Bomb Spree In Philippines

The president of the Philippines ordered a state of emergency Monday for a southern city devastated by a wave of bombings blamed on Muslim extremists, and promised an intensified crackdown on terrorists.

Also Monday, a mayor was assassinated, shortly after leading a flag-raising ceremony at town hall. Authorities investigating the shooting of Mayor Jesus Sebastian Jr. of Ilagan - involving four men wearing military uniforms - say communist rebels have claimed responsibility.

President Gloria Macapagal Arroyo called the series of bombs that struck the city of General Santos on Sunday "a crime against the Filipino people." The worst blast killed at least 14 people outside a busy department store and injured 69 others. Police said they arrested two suspects Monday.

"This evil will not go unpunished," Arroyo said in a statement issued hours after visiting the predominantly Christian city and meeting with its mayor. "We will fight terrorism to its end."

Arroyo's declaration came as 2,700 Americans and 2,900 Filipinos launched a three-week joint military exercise on the island of Luzon in the northern Philippines that will focus on war games and civil projects.

Anti-terrorism has been a key focus of the U.S. training exercises with Filipino forces.

Arroyo said federal officials would work with local leaders to impose curfews, increase checkpoints and enhance other security measures. She urged the Philippine congress to pass a pending anti-terrorism bill that would raise penalties for violators and increase police powers.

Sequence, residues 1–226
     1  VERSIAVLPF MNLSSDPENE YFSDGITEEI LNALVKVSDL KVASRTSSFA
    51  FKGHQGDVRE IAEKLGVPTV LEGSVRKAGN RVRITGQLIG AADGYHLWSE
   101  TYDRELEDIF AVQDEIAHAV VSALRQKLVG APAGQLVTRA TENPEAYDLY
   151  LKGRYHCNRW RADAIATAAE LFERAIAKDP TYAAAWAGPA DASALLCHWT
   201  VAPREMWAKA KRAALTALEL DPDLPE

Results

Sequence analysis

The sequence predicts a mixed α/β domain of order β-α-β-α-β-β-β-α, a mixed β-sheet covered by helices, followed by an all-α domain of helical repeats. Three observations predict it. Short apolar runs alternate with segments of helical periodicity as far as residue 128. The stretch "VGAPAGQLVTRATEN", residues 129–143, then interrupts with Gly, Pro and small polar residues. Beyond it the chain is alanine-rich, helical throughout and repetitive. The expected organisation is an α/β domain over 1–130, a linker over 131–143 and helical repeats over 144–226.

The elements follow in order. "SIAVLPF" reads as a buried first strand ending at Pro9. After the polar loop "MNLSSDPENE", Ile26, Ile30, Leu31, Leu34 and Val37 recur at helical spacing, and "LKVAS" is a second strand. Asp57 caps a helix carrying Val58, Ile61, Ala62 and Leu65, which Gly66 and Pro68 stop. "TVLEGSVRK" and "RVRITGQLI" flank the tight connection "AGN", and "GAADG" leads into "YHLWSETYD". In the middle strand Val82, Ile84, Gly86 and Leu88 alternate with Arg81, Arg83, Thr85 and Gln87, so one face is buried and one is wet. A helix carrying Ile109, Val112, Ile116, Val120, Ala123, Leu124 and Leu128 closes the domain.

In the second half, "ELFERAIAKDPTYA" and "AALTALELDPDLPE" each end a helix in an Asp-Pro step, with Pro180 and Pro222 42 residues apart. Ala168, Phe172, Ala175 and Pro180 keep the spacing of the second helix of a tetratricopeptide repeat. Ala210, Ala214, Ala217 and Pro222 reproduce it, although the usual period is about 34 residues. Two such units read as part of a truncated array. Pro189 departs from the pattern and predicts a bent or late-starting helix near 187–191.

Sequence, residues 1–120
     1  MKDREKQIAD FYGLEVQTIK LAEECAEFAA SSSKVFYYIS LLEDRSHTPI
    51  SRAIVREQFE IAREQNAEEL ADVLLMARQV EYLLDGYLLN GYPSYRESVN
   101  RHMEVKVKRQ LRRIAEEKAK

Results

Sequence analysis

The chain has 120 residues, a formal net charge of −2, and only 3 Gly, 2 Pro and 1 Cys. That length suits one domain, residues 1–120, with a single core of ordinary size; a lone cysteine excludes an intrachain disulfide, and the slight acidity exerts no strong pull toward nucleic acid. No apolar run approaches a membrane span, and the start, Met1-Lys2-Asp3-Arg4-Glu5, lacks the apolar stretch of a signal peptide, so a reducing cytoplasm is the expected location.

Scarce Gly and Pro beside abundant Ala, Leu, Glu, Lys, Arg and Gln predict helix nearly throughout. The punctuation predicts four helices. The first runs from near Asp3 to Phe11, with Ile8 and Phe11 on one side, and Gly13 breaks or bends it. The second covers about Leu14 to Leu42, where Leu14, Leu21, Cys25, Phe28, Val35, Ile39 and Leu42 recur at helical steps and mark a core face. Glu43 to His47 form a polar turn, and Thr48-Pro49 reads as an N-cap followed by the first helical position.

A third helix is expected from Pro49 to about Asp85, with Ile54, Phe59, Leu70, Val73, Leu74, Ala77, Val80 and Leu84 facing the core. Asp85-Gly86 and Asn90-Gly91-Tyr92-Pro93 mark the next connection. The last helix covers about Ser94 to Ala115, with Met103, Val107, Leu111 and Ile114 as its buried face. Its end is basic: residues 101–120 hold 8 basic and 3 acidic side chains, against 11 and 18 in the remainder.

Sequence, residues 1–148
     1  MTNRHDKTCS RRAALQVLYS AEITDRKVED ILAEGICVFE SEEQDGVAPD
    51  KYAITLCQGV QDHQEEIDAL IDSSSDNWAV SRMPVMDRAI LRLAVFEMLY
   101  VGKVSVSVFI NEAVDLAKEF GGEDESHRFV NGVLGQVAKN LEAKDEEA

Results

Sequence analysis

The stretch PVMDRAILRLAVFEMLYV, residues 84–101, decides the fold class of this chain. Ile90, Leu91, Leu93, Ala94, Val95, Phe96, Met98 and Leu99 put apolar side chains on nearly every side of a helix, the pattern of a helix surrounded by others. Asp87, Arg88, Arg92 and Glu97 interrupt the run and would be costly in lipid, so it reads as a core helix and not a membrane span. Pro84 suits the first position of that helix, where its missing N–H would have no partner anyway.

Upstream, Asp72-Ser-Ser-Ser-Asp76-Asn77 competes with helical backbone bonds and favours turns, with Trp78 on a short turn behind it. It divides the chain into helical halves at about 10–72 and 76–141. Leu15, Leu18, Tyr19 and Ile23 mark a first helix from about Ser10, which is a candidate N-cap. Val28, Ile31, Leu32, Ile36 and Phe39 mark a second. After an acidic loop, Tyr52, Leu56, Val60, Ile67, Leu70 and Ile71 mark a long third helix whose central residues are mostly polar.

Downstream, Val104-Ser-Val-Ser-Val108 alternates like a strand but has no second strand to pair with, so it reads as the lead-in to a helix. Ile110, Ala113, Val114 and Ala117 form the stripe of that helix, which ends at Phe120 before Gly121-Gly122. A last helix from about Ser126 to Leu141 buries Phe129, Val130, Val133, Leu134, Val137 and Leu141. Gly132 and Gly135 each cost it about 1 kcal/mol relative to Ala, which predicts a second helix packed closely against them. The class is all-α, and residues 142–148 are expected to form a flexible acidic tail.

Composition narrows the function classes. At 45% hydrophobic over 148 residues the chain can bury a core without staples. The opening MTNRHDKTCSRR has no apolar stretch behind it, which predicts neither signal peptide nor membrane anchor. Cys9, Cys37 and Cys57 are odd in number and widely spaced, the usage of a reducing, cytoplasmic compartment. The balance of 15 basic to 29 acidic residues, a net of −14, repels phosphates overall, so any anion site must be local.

"The whole community must be involved in this effort," she said. "I call on our people to be vigilant. As we decisively move forward in the campaign against terrorists, they will tend to be more desperate."

As Arroyo met with Mayor Pedro Acharon, a small bomb exploded on a fishing boat in an outlying village. No injuries were reported.

A man who called a radio station to warn of Sunday's explosions called back Monday, saying they were retribution for alleged attacks against Muslim civilians by the Philippine military in its U.S.-backed war against Abu Sayyaf rebels.

The man identified himself as Abu Muslim al-Ghazie and said he represented the Abu Sayyaf. In a call to the Radio Mindanao Network before the blasts, he claimed 18 bombs had been planted around the city.

"In our fight against the government, we cannot deny the fact that civilians will be in the cross fire," the man told the station Monday.

Other Abu Sayyaf spokesmen said they had no knowledge of the group's involvement.

Police have blamed unspecified "terrorists." They arrested two suspects who they said belonged to the Muslim separatist Moro Islamic Liberation Front, and confiscated guns and a grenade in a pre-dawn raid Monday.

The Abu Sayyaf, believed to have ties to Osama bin Laden's al Qaeda network, and the fundamentalist Moro rebels have been blamed for setting off bombs in General Santos in the past.

The city is about 130 miles from Basilan island, where the Abu Sayyaf has been holding a U.S. missionary couple and a Filipino nurse hostage for nearly 11 months. About 160 U.S. Special Forces troops are on the island on a six-month counterterrorism training mission aimed at helping the Philippine military crush the guerrillas, who have beheaded other hostages, including an American.

The first bomb exploded Sunday in a three-wheel motorcycle taxi parked in front of a department store in the business district of General Santos, about 630 miles southeast of Manila. Four of the dead were children.

Within 40 minutes, two other bombs went off elsewhere in the city. Most businesses closed and checkpoints were set up on major roads.

The scene was reminiscent of nearly simultaneous bombings in Manila 16 months ago that killed 22 people. An Indonesian man who claimed he planned those blasts pleaded guilty Thursday in General Santos to explosives possession after leading police to a buried cache of more than a ton of TNT, detonating cords and M-16 rifles in January.